Removable Chipper Box Roofs

AlpenTreeExperts

New Member
Location
Truckee
I'm wondering how many people have chipper trucks that have removable roofs. If so, how often do you actually remove it and what is involved? Is it something that a couple of guys can do in a few minutes or is it far more of a hassle to actually remove it than it's worth? I ask because I am getting a hooklift truck fabricated and I want it to serve multiple functions. For example, leave it on the truck and chip into it or drop it on the ground for hand loading debris, easier loading with the minis or loading equipment to bring to the next job site.
I feel like there are several routes we could go here for chipping. We could install a tarp system on the truck, but that would probably not contain the chips very well or we could try and design some type of roll back or foldable roof system. I might be going out on a limb here (pun intended), but I feel like those removable roofs that Arbortech and Switch N' Go make probably never get used because they are too much of a pain in the ass to take on and off.
 

Reach

Well-Known Member
Location
Atglen, PA
We have three, two are bolt-on roofs which require a machine to lift off, the third is held on with quick pins and can be removed in three pieces by one or two people.

We haven’t removed the roofs from any of them in years except to install a salt spreader in the winter. If we didn’t need to run salters in these trucks, we would not bother with the removable roofs.

If we had a hook lift, we would just build two bodies, a lightweight chip box and a very strong open top that could handle the beating of hauling logs.
 

Chaplain242

Well-Known Member
Best removable tops for chip boxes have a lifting point for use with gantry or crane, to lift entire top off truck as has been stated removing section tops secured with pins/bolts/screws is a PITA.

Also a method of securing your lifeline over the box to arrange a TIP to connect crâne sling to lifting point if planning to do it on commercial sites as safety NAZI’s will write you up if they see you jump on top of the box free-climbing...
 

stheis004

Active Member
Location
WI
I'm very interested in this post. We have been researching/thinking out a new chip truck for awhile and are getting set to move forward with a fold-able/toneau style roof. One of the things holding us back a bit is that I haven't found anyone else who's done it and am asking myself am I missing something obvious?

We're a 2 man crew with a tree-mek and chip truck. Currently have a southco removable roof and it is not only time consuming to remove and replace (crane needed) but you also need to have the room to put the bulky roof panels somewhere. I really feel we could save some serious time just flipping up a few sections of roof at the end of the day and plop in the trunk wood.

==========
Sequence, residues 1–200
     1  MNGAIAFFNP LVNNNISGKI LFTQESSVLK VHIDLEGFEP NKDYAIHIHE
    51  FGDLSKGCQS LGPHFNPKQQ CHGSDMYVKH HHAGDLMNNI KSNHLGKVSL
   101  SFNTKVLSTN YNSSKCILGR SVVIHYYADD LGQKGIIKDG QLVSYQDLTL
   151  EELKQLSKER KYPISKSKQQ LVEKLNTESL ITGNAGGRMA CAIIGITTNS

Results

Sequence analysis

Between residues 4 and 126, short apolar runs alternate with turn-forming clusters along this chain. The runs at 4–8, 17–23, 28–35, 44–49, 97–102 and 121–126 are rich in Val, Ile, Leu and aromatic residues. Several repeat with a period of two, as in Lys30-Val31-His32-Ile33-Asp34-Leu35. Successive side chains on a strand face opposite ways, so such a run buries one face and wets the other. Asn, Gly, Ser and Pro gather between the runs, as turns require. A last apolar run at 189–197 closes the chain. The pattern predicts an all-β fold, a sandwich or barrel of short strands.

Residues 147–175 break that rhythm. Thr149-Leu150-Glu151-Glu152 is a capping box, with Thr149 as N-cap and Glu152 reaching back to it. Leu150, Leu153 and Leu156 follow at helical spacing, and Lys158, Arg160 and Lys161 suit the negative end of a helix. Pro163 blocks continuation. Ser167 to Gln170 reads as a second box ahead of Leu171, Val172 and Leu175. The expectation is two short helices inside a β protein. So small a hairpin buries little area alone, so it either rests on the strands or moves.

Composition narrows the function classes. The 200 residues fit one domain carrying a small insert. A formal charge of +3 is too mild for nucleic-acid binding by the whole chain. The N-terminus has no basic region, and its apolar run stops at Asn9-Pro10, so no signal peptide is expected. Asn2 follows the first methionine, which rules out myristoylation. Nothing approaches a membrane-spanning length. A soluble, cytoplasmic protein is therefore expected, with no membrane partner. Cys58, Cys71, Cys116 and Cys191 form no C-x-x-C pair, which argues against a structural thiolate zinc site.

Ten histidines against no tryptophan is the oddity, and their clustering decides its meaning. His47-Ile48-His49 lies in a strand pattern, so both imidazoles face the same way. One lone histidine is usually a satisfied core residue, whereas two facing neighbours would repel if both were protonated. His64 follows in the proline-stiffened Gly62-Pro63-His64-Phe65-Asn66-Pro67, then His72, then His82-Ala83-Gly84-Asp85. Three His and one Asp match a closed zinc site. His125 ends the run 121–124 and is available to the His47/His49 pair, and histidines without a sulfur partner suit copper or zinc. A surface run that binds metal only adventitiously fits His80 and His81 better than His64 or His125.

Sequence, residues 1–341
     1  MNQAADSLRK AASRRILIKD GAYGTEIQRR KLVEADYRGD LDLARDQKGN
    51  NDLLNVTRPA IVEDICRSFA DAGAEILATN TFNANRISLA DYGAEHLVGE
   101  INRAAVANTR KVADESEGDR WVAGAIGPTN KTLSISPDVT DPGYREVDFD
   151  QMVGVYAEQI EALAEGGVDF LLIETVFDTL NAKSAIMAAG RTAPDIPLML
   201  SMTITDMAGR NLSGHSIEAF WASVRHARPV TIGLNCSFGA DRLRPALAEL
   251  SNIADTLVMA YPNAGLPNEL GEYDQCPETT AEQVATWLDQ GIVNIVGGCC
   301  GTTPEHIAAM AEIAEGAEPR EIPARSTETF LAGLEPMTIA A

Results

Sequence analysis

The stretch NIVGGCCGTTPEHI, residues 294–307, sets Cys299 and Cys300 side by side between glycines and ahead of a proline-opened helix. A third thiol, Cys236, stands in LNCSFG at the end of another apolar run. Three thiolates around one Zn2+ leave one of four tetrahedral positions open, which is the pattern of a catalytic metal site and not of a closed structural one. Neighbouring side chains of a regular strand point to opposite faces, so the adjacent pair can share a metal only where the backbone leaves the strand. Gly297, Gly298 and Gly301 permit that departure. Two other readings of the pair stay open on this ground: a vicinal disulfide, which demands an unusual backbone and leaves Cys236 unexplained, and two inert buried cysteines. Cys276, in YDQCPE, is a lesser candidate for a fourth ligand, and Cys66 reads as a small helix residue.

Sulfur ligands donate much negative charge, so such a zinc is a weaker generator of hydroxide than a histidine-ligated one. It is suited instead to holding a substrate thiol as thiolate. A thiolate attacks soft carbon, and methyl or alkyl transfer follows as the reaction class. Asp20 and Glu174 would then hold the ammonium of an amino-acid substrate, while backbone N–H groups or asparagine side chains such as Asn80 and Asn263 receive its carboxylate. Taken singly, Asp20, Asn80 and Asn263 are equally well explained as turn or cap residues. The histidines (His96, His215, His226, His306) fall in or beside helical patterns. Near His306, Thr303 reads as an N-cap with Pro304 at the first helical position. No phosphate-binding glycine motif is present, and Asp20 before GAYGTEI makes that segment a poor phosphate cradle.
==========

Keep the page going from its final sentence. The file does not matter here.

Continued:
Chaplain242

Well-Known Member
I'm very interested in this post. We have been researching/thinking out a new chip truck for awhile and are getting set to move forward with a fold-able/toneau style roof. One of the things holding us back a bit is that I haven't found anyone else who's done it and am asking myself am I missing something obvious?

We're a 2 man crew with a tree-mek and chip truck. Currently have a southco removable roof and it is not only time consuming to remove and replace (crane needed) but you also need to have the room to put the bulky roof panels somewhere. I really feel we could save some serious time just flipping up a few sections of roof at the end of the day and plop in the trunk wood.
Many have tried this, and the removeable sections work but are a little manpower and time consuming to bolt on/off.

Folding ones are a fantastic idea until the edges or tracks get bent or impacted by logs/booms and becomes a hassle to use.

Open top works well if happy to keep replacing plastic mesh or vinyl tarps as the thrown chips inévitably tear them up.

have seen some cool looking longitudinal alloy mesh screens that fold back over the cab on smaller trucks (can’t be a crane truck) that direct the thrown chips when folded down (little dusty but works). Not sure how they go with alloy cracking with this arrangement.

realky depends on what equipment you are using. Tough lasts. Intricate inevitably doesn’t last, especially if crane booms or mechanised equipment is involved in loading. Tough generally means weight which may or may not be important.
 

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